Robyn Lincoln, Shirleene Robinson

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Every nation deems certain acts to be criminal and punishes offenders according to the cultural values of the society. The study of crime and punishment reveals much about social order, reactions to deviance and norms. The topics of crime and punishment have particular importance for Australia. It is a society whose European origins derive from the penal policies of late eighteenth century Great Britain. Until 1868, when convict transportation to Western Australian stopped, drawing the convict era to a close, Australian officials were preoccupied with criminality, punishment and the maintenance of absolute law and order. As a distinctive sense of Australian identity developed in the late nineteenth century, law-breaking figures, such as the bushranger Edward “Ned” Kelly, who was hanged at the age of 25, became national icons. In contemporary Australia, the fascination with criminal activity shows no signs of abating. Television programmes such as Underbelly, which focus on notorious criminal figures, attain top ratings, popular crime novels sell extremely well and a number of Australian films continue to explore elements of Australia’s criminal past.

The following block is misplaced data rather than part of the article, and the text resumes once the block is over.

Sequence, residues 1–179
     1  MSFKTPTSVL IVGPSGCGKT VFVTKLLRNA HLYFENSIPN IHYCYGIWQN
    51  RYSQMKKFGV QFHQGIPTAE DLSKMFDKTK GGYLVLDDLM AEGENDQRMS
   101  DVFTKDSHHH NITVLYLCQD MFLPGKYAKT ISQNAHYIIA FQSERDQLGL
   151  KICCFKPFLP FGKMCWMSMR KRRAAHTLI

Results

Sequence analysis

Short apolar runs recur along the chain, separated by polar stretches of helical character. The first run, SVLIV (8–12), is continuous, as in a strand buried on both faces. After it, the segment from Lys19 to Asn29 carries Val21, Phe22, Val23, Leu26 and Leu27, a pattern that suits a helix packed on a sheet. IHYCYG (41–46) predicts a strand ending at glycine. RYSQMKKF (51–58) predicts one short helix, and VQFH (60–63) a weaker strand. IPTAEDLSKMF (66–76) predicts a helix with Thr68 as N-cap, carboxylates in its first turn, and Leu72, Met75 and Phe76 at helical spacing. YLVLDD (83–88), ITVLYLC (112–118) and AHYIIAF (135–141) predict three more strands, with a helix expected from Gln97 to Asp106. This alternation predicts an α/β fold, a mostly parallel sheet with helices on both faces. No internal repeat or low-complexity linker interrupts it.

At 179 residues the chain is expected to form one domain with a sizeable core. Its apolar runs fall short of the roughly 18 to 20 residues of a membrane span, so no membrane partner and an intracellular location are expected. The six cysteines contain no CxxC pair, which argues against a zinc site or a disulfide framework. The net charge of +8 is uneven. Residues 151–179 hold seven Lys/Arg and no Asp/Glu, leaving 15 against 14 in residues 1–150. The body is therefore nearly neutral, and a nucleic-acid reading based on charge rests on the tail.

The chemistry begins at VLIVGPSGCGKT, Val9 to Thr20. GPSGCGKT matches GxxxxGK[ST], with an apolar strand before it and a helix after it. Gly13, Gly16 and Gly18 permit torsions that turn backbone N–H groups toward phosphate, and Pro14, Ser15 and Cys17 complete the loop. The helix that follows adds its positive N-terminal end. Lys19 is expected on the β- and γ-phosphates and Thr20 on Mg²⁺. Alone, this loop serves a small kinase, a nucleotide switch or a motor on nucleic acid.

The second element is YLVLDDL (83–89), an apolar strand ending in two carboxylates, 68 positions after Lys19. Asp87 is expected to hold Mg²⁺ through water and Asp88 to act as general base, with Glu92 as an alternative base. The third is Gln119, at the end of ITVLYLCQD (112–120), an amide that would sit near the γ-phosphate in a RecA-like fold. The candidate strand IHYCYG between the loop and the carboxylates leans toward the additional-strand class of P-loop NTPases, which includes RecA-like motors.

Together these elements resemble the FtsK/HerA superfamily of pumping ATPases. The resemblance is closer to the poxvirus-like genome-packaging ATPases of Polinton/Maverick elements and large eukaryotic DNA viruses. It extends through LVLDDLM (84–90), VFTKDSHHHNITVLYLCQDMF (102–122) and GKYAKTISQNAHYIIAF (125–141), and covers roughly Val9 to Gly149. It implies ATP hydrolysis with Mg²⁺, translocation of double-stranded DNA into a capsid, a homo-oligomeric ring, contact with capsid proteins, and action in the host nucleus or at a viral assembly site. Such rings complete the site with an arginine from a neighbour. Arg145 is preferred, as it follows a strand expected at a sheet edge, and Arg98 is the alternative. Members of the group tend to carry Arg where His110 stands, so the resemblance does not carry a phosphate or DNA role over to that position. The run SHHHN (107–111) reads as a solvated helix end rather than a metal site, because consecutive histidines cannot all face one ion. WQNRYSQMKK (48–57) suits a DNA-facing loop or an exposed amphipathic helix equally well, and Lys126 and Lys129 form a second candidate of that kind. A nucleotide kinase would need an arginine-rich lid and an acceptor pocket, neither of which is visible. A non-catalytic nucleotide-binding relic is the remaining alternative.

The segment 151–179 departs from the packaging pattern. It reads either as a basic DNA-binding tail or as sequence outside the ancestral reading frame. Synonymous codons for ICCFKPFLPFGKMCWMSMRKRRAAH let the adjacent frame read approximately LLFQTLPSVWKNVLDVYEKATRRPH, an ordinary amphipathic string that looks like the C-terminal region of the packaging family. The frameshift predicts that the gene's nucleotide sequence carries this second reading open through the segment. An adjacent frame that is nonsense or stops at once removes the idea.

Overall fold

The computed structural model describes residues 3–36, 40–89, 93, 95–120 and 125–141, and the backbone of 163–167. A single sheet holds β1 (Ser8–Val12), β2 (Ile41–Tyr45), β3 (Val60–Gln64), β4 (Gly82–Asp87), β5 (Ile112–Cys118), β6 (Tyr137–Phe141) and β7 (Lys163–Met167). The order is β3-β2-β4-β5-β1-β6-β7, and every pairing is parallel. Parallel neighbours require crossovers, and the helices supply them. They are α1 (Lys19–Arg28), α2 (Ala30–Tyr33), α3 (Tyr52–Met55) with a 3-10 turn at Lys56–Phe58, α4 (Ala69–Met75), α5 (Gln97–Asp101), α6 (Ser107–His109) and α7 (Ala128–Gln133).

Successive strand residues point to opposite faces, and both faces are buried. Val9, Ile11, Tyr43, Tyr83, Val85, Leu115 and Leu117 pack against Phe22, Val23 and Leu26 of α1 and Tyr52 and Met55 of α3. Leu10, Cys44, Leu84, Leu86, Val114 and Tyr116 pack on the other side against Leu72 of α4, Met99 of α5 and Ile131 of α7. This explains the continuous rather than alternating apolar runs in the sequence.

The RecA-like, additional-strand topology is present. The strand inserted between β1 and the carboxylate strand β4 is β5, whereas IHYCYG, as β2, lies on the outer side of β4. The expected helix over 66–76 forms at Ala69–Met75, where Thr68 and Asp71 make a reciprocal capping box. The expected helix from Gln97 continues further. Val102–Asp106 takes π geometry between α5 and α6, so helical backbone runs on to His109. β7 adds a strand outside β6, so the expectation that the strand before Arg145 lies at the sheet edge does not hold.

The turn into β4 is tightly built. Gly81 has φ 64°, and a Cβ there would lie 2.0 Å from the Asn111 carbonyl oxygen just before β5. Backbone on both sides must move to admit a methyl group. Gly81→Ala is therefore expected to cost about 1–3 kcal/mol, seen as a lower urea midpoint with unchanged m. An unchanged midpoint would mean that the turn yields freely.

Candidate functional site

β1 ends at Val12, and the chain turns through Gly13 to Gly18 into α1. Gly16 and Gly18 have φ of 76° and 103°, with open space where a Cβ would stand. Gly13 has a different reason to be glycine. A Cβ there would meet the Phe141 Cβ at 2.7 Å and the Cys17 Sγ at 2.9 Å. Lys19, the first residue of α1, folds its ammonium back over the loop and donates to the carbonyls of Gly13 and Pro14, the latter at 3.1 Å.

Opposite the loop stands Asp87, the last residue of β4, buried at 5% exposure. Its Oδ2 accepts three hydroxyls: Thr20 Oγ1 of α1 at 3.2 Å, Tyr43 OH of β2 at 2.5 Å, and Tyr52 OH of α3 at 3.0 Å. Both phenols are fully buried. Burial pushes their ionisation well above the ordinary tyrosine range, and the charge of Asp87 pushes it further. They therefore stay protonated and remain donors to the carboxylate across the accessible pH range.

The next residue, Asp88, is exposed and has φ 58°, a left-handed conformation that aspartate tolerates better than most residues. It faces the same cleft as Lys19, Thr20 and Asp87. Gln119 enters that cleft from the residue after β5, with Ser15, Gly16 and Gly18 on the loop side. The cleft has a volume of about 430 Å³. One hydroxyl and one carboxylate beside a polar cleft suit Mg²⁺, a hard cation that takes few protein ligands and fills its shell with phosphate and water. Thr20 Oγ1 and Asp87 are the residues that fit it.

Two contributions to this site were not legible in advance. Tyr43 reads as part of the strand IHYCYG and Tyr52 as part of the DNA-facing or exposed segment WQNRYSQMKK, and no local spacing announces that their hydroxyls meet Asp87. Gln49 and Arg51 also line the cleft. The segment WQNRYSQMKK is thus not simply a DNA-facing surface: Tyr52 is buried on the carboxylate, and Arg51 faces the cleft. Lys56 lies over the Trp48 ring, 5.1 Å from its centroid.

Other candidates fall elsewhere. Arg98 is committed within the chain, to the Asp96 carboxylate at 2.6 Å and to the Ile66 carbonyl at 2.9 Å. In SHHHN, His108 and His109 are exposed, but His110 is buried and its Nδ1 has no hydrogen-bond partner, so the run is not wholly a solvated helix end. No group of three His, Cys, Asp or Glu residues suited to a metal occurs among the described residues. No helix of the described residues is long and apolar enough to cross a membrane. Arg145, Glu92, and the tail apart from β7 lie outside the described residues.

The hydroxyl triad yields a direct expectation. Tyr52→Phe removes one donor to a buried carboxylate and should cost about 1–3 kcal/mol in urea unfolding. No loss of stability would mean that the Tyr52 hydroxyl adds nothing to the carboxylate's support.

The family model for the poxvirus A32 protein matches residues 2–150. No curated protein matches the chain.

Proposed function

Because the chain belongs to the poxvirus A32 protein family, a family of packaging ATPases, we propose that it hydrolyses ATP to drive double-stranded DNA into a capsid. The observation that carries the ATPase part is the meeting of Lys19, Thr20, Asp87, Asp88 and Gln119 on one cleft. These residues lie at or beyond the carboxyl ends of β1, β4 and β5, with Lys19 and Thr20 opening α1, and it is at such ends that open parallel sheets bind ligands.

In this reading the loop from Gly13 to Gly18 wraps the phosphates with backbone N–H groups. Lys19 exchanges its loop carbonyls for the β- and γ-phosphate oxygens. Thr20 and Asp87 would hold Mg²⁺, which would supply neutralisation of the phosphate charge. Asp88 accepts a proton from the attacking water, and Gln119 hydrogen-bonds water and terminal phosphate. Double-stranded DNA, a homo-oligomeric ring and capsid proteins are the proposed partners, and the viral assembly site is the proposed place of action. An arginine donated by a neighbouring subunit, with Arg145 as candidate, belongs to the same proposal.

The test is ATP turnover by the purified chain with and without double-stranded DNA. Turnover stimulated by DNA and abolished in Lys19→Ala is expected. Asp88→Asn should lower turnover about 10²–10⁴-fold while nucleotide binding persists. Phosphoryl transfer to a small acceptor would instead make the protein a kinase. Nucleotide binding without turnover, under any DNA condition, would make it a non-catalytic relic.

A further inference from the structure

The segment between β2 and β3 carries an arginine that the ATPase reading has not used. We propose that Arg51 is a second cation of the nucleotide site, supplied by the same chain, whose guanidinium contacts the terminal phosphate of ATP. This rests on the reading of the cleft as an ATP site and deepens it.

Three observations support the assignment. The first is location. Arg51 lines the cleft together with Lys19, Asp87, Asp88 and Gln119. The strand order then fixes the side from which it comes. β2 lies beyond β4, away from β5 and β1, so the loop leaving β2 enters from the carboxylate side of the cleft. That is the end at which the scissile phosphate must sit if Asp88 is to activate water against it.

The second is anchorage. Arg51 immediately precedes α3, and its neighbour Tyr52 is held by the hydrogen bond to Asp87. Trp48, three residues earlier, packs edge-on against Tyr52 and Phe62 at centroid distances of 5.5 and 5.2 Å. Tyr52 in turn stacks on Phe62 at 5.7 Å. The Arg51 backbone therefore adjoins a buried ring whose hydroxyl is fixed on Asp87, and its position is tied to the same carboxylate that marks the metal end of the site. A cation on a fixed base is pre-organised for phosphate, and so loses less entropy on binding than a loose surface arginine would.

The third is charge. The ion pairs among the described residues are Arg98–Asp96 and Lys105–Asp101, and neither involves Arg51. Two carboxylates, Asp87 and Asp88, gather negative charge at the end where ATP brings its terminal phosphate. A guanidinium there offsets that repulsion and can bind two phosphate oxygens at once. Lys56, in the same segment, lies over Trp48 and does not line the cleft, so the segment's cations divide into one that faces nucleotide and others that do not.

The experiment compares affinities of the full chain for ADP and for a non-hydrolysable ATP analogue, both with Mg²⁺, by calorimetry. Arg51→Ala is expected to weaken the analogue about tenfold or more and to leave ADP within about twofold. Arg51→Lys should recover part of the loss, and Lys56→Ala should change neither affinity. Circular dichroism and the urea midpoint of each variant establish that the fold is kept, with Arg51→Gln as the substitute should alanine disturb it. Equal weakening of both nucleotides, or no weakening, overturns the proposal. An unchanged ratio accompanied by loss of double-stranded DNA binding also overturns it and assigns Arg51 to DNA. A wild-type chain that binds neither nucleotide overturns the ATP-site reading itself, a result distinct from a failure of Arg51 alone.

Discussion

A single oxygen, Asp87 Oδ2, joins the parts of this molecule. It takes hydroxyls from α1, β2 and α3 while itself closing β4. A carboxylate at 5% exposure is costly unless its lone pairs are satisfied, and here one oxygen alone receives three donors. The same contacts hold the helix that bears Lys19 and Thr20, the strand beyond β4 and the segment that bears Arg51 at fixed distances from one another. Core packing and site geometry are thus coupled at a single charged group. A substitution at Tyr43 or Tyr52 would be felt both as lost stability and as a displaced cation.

Original languageEnglish
Title of host publicationCrime over time
Subtitle of host publicationTemporal perspectives on crime and punishment in Australia
EditorsR. Lincoln, S. Robinson
Place of PublicationUK
PublisherCambridge Scholars Pub
Number of pages9
ISBN (Print)9781443824170
Publication statusPublished - 2010


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